Warnings: very mild horror
Characters: Aragorn, Halbarad,OMCs
Summary: Three Rangers make camp amongst the ruins of Fornost.
These characters all belong to the estate of J.R.R. Tolkien. This story was written for pleasure and not for financial gain.
“We will make camp here for the night,” said Aragorn. “The ruins should offer protection from the wind, as should the trees.”
“But it’s haunted here,” said Gilavir, a tall lanky lad of some twenty summers.
“You have seen the ghosts then?” Halbarad teased.
“No, but the Bree folk call Fornost, Dead Men’s Dyke.”
“You don’t want to be listening to old Butterbur’s tales,” said Aragorn. He unrolled his bedroll beneath a mighty oak, while Halbarad kindled a fire.
“But there was a great battle here to drive out the Witch King and many were slain. It feels creepy here amongst the ruins.”
“It is only because all ruins look sinister in the fading light,” Aragorn said calmly. “I have been here on a spring morning and it is fair enough then. Violets and pansies grow so profusely that it is like walking on a purple carpet. Many birds nest in the great oaks here and amongst the broken stones. It saddens my heart to see a once great city in ruins, but I dream that one day it will be rebuilt and flourish anew.”
“The times are so dark, but you never lose hope,” Gilavir looked at Aragorn in wonder.
The Chieftain was silent for a few moments. He sat warming his hands by the fire. “I was named Estel as a child,” he said at last. “I try to live up to that name. Look up there, lad, can you see the stars?”
Gilavir looked up at the heavens. It was dark enough now to see the stars twinkling.”
“I have travelled far,” said Aragorn. “Even to lands where the stars are strange, but on all my journeys, especially when times have been hard and I have not been able to see the way forward, I have looked up at the stars and found hope again, especially from Gil-Estel. So let not your heart be troubled, lad, hope yet remains, even amongst these ruins.”
“When you are king and have built your palace here,” said Halbarad, “we will expect an invitation to dine with you. We shall recline on purple cushions and drink Dorwinion.”
“I would prefer Annúminas as my capital,” said Aragorn. “But Fornost would do nicely too.” He yawned. “But let us continue our dreams in our sleep. I am weary.”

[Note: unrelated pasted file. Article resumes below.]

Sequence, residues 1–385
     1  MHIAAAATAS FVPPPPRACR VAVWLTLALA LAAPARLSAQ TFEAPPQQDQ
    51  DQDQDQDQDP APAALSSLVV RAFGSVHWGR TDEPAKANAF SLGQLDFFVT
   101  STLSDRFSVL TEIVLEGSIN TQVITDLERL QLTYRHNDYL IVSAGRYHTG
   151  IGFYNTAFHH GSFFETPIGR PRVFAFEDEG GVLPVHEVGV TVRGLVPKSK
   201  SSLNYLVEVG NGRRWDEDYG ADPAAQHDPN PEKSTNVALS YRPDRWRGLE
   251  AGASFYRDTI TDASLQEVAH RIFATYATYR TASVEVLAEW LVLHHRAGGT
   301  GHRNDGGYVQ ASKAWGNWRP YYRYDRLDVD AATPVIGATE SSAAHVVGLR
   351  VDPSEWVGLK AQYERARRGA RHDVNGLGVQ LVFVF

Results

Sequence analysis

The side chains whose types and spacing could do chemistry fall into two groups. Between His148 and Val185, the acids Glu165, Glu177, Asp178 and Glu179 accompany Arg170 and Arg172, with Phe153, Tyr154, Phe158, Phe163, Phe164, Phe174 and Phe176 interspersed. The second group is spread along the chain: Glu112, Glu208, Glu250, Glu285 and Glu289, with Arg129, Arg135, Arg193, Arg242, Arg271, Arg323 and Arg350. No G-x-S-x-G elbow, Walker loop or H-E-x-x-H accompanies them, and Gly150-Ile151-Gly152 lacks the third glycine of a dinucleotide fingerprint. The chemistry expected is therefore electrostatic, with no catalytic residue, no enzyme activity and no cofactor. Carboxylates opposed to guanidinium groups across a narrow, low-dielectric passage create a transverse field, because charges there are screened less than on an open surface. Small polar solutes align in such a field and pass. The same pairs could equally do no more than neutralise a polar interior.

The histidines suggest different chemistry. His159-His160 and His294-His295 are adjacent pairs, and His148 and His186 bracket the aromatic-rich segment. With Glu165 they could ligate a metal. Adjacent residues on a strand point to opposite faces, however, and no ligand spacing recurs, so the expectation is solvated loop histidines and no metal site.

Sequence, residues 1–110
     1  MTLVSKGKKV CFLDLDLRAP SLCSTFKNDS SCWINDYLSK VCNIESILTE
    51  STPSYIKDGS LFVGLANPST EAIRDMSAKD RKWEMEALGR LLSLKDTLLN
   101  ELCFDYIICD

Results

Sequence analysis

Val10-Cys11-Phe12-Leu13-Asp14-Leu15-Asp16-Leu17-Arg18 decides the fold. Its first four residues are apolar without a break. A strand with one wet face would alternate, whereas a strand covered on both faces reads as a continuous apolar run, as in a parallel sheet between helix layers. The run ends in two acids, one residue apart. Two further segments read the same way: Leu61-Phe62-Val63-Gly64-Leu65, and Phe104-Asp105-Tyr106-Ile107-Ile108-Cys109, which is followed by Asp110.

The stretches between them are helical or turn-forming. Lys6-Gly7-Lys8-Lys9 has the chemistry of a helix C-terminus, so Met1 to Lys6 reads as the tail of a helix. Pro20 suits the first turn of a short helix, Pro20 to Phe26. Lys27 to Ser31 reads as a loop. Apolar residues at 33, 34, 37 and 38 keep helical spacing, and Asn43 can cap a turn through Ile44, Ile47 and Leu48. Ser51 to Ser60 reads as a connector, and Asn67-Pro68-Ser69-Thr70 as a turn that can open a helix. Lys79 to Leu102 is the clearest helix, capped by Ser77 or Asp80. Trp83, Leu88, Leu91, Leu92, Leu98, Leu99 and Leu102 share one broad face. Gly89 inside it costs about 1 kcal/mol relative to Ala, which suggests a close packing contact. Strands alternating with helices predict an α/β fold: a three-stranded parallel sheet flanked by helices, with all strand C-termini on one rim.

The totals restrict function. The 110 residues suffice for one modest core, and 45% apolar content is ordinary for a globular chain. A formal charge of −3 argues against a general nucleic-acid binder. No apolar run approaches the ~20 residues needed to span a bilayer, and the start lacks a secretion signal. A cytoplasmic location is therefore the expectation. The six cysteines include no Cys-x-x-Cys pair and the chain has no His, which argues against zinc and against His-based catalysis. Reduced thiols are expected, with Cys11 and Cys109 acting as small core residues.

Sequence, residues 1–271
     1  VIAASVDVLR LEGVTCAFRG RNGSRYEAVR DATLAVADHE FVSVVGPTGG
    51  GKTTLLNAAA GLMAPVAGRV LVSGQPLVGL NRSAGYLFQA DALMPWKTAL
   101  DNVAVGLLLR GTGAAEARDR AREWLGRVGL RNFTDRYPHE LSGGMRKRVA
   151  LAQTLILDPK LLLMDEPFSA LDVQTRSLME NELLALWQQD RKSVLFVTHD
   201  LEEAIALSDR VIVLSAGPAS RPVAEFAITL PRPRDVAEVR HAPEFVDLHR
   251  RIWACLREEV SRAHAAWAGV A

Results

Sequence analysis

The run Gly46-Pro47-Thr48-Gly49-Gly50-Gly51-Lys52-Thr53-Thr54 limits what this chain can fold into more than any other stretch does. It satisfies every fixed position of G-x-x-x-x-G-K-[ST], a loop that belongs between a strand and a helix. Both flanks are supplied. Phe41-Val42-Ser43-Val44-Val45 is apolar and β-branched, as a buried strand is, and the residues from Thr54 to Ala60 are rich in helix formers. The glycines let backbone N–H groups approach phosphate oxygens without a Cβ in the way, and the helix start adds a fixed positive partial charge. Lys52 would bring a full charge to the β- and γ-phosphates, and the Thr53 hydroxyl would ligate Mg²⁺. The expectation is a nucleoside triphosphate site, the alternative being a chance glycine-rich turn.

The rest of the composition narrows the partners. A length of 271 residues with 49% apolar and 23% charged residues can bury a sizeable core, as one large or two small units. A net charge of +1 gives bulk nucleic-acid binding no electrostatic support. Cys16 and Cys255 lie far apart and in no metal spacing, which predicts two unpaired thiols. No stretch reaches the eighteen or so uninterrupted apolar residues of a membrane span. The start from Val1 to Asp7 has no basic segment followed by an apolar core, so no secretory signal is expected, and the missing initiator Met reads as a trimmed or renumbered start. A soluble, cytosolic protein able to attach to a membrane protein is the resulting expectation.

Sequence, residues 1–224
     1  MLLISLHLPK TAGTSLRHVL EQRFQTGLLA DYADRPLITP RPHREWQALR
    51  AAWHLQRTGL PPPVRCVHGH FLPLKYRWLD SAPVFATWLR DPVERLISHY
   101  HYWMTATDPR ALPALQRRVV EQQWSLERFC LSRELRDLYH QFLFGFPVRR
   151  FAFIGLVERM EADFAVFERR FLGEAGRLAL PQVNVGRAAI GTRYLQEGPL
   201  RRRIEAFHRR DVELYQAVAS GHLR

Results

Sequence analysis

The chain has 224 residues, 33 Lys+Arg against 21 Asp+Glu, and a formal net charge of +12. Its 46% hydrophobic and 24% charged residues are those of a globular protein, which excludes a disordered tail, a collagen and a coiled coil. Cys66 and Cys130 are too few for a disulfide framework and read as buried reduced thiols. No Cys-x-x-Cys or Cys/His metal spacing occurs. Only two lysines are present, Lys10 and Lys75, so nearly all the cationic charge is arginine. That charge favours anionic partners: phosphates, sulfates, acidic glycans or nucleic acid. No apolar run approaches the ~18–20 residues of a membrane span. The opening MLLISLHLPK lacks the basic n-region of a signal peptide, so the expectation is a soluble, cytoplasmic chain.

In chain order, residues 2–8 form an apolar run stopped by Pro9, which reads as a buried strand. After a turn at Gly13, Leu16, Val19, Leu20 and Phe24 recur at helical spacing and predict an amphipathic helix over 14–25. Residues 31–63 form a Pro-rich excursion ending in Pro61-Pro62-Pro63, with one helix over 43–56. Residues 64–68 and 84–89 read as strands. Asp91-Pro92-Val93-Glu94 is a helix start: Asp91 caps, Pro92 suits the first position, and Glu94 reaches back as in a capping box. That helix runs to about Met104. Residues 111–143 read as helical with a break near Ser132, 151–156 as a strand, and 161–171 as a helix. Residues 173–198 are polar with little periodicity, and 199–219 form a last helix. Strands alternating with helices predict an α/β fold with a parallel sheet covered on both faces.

“I will take first watch,” said Gilavir. “I do not feel like sleeping yet.”
The two older Rangers thanked him and settled down in their bedrolls side by side.
Gilavir remained staring at the fire. He decided to polish his sword to while away the time. Taking a cloth from his pack, he rubbed it until it gleamed. He then felt the need to answer a call of nature. Taking his dagger for protection, he disappeared behind the trees, leaving the sword propped against the great oak.
Away from the shelter of the campfire, Gilavir’s earlier unease returned. The ruins looked so eerie by starlight, while the oaks could almost have been trolls! He hastened back to the campfire.
Then he heard it, an unearthly sound beyond description, a horrible squelching, creaking sound. Gilavir’s nerve failed him and he cried out in alarm.
“What is it, lad, Orcs?”
Aragorn and Halbarad were beside him in an instant, their swords drawn.
“I don’t know, it’s that dreadful sound. I fear it is unquiet spirits that resent our presence in this place!”
Aragorn listened intently for a few moments .then he laughed. “I will show you your ghost!” he said. He picked up a dead oak branch and thrust it in the fire to make a torch, then cast the light in the direction of the sound. “There is your culprit, lad!” he announced triumphantly.
Gilavir looked. His sword gleamed brightly in the torchlight. “That is but my sword,” he said in bewilderment.
“Look more closely,” said Aragorn.
Gilavir looked and beheld a snail crawling along the polished metal.
“A snail has hundreds of tiny suction pads to help it climb,” Aragorn explained. “I recall one stormy night in Rivendell when I was a child wondering what the strange noise outside my window was. My mother took me outside and we found a snail climbing up the glass. The next day, Master Elrond explained about the suction pads and how they make a noise rubbing against shiny smooth surfaces.” He gently removed the snail from Gilavir’s blade and cast it into the long grass. “There , we should get some sleep now,” he said. “You will have to polish your sword again,though, Gilavir. After you have done so, replace it in the scabbard. For a Ranger must cherish his sword.”
“I’m sorry.” Gilavir flushed scarlet.
“We were all young once,” said Aragorn. “It is indeed a strange sound the first time you hear it.” He patted Gilavir’s shoulder reassuringly.
Soon all was quiet save for the gentle snoring of the weary Rangers.